Grab your pen and paper and get ready to think.
Here’s your challenge: Describe your ideal professional life in five words or fewer.
Seriously, think about it.
Where do you want to be in five to ten years?
Are you doing everything you can today to get closer to your goals for tomorrow?
I pose these questions not because I get enjoyment out of seeing people struggle to picture their future, but rather because I sorely wish someone had asked me the same questions, sooner.
Here’s the backstory
About seven months ago I traveled to Budapest, Hungary for my brother’s wedding. It was a bittersweet trip, as I knew it would be the last time I’d enjoy a trip overseas for quite some time.
My impending law school stint was set to start in August (2016) and the combined soul-crushing costs of living in a New York City apartment and attending a horribly expensive school caused my wallet to shudder at the very thought alone of purchasing another set of international plane tickets.
My brother, a very successful entrepreneur, made it his goal at his wedding to send slews of his friends in my direction to convince me out of law school and into solo business.
Needless to say, you wouldn’t be reading this right now if his slick tactics failed.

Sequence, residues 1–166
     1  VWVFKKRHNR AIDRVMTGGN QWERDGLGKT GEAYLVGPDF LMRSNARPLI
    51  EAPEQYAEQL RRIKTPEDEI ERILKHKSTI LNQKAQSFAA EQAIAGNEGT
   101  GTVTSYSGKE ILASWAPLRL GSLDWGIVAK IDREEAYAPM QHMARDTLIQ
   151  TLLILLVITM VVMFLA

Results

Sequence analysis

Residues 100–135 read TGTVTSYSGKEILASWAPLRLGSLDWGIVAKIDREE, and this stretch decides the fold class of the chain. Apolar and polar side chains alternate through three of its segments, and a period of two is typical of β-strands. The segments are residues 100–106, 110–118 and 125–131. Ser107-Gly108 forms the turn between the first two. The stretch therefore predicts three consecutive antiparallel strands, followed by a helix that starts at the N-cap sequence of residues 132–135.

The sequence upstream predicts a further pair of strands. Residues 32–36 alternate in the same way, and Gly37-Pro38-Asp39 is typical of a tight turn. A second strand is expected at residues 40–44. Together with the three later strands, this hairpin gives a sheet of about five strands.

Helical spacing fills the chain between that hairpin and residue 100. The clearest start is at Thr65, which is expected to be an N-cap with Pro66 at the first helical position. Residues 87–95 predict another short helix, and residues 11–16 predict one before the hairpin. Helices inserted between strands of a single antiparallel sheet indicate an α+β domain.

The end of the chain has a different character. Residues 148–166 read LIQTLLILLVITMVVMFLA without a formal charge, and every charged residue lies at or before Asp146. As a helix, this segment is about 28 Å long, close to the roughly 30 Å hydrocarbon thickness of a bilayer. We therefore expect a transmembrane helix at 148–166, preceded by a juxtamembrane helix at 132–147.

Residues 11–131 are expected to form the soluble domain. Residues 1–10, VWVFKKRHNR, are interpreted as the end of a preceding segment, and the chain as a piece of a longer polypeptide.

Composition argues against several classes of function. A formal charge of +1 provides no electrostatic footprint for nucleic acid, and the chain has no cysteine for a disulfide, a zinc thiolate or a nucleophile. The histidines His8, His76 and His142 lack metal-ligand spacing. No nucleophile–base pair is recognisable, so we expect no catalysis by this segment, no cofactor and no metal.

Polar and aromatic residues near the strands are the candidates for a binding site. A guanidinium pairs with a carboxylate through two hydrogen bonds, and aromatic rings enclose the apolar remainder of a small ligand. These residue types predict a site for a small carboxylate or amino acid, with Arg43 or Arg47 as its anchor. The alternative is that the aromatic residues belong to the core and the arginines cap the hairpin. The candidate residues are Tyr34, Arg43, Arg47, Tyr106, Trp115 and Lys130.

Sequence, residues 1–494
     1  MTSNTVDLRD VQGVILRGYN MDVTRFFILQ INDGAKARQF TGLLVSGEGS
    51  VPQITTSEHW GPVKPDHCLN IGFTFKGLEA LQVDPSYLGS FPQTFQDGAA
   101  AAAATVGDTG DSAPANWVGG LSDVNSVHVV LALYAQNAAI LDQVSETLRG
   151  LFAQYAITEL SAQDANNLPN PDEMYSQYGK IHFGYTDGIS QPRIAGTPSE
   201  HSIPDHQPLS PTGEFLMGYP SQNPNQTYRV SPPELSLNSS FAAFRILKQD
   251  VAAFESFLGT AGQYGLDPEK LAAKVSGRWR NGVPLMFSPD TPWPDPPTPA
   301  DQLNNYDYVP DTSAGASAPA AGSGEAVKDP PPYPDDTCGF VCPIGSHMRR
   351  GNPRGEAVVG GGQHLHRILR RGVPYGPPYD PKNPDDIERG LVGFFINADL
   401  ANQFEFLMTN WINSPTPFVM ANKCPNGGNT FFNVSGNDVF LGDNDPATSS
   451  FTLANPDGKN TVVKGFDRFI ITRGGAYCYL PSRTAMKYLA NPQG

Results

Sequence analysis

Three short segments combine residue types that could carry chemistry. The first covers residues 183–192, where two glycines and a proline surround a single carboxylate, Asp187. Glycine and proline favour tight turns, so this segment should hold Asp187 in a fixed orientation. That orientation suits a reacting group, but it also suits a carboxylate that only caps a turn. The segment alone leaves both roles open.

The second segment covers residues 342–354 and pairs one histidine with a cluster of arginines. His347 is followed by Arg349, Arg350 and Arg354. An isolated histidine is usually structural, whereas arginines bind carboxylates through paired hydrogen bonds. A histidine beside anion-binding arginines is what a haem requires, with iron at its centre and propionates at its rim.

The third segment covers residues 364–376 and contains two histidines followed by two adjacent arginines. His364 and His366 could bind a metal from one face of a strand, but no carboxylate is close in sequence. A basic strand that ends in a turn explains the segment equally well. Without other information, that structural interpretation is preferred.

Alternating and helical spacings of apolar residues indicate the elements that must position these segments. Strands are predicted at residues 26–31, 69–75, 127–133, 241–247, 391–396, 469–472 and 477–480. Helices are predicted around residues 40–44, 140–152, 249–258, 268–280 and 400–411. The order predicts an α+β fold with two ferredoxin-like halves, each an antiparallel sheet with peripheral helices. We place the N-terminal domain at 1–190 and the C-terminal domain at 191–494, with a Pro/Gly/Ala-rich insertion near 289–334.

I don’t give him all the credit for my change of heart, but I do give him some. The legal profession wasn’t my calling and, if it weren’t for my brother, I’d have found myself miserable in a classroom listening to professors speak as I daydreamed about what my life could have been instead of out doing what I absolutely love (like I’m doing right now).
So here’s what this journey from law school debt and misery to solo business freedom and flexibility has taught me...and why I’m filled with anything but regret.
1. Your life is meant to be viewed through your eyes, not someone else’s
With the exception of my immediate family, many people didn’t respond well to my announcement that instead of law I was going to spend my time developing a freelance career and working on my blog. It was like I’d gone from “riches to rags” – law to unemployment; no one knew what to say, so many said nothing at all.